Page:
First Dive

On Friday I went open water diving to 12 meters for the first time.  The dive site we went to was simply called ‘cave.’  After gearing up, and rolling back first off the boat, Jane & I swam over to the anchor line, and deflated our Buoyancy Control Devices (BCD), which dropped us into the ocean.  Hanging on to the anchor line, inches below the surface, I looked upon an expansive green ocean, with no floor in sight, and thought, “I’ve got to be crazy to go down there.” I paused for a bit, until I eventually surfaced with Jane.

“How deep is it again?” I asked.

“12 meters,” she answered.

Personally I have very little practical understanding of how far 12 meters or 12 yards is.

“Uhh…” I answered as the sea splashed across my face.  “And how far can I see?”

“Maybe 6-8 meters.” she answered.

After some more expansive words of encouragement my rational, or maybe irrational brain kicked in and we descended again.  Just as pressure builds in your ears and sinus when you fly in a plane (a reverse squeeze, to use diving terminology), pressure builds as you dive (a squeeze).  Learning how to properly equalize the pressure in my ears the first time was a little different then the course had lead me to believe–they suggested that you squeeze your nose and blow. I found it easier to swallow.

At the bottom I could not see the top, but there was a surprising amount of light.  Although I saw some fish on that dive, most of my attention was spent trying to keep from drifting too far up or down. Or to the side.  The videos I watched in my youth of Jaque Cousteau made diving seem so easy, yet the balance was not coming quickly.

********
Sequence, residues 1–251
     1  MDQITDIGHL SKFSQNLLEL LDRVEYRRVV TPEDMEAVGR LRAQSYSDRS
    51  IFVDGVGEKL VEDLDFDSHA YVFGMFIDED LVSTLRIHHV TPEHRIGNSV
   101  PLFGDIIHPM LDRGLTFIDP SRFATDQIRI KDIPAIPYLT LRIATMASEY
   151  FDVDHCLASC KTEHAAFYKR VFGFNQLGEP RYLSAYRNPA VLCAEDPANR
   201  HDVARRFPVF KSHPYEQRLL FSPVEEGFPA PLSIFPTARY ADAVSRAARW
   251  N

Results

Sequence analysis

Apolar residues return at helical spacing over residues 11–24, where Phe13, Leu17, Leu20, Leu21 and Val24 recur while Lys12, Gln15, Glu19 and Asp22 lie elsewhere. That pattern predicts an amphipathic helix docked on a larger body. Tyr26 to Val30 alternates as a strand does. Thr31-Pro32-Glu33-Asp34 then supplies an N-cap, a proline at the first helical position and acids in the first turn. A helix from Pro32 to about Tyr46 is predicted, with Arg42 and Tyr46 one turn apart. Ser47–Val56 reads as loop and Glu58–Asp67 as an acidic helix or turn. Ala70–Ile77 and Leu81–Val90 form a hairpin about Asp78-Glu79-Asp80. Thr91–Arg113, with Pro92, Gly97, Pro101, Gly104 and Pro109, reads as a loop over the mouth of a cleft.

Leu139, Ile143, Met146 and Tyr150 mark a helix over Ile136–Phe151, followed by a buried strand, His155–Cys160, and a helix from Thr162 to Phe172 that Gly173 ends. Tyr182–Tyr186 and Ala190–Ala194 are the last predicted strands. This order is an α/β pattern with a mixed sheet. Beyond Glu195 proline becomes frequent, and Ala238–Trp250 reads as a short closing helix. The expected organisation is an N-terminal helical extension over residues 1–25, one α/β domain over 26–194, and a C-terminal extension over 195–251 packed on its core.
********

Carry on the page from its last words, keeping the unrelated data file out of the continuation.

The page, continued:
The most beautiful fish I saw was probably the most common: a tiny bright blue fish with a yellow tail.

After we surfaced, I asked Jane, “How long were we down there? 20 minutes?”

“44 minutes,” she answered.  “Time flies when you are having fun I guess.”

When doing multiple dives, you are supposed to do the deeper dive first, so our second dive went to 8 meters.  This time you could see the bottom of the ocean from the boat.  I think the water had better visibility too.  We practiced some diving skills at a sandy patch on the bottom, like clearing a flooded mask.  After we swam around.  My control was a little better this time, and I definitely saw more tropical fish, though I hardly know the names of any of them.

After all this I can see why astronauts train by diving.  The feeling of weightlessness is fairly unique, and difficult to reproduce on the surface.  I have to imagine ones first space walk would be equally as terrifying if not more terrifying then a first dive.  Underwater, if something goes wrong you can generally rely on your buddy for air as you surface.  In space there is no such luxury.

It’s a little odd to think that being surrounded by more matter (water) is similar to being surrounded by less (a vacuum).

For the last couple of days I have been walking along the beach after my diving lessons, and I have been rapidly figuring out that the part of the beach that my dad, sister, and I frequented last trip is only one part oft he beach.  It’s the part of the beach that is mostly occupied by locals, snorkel divers, scuba diving stations, and older gents (mostly my dad’s friends).  The beach is fairly short on that end, and right off the coast you can wade in to a bunch of coral that shelters the beach from the waves with tropical fish swiming around.

Further to the south, after a bend in the beach that is coral right up to the sand, there is a narrow stretch of beach that disapears during high tide, with no coral off the shore.  Judging by the number of people on surf boards (as well as the size of the waves) this is some killer surfing.  I learned from a surfer that there is competitions in both december and February.  I think during those months, high tide is during the day, where as now the high tide tends to be during the evening during the sunset.  Even though i’m here between the competitions, there are still generally 20-30 surfers out enjoying the waves.

After that stretch there is a more expansive beach, with ton’s of lounge chairs scattered about, being tended by people who ran restraunts at the back of the beach.

I had been to some of these restraunts the last time I was here, but I had no idea where they were locationally.  There is one place, Mambe’s, which I particularly like.

January 22, 2010 • Tags: , • Posted in: Vacation

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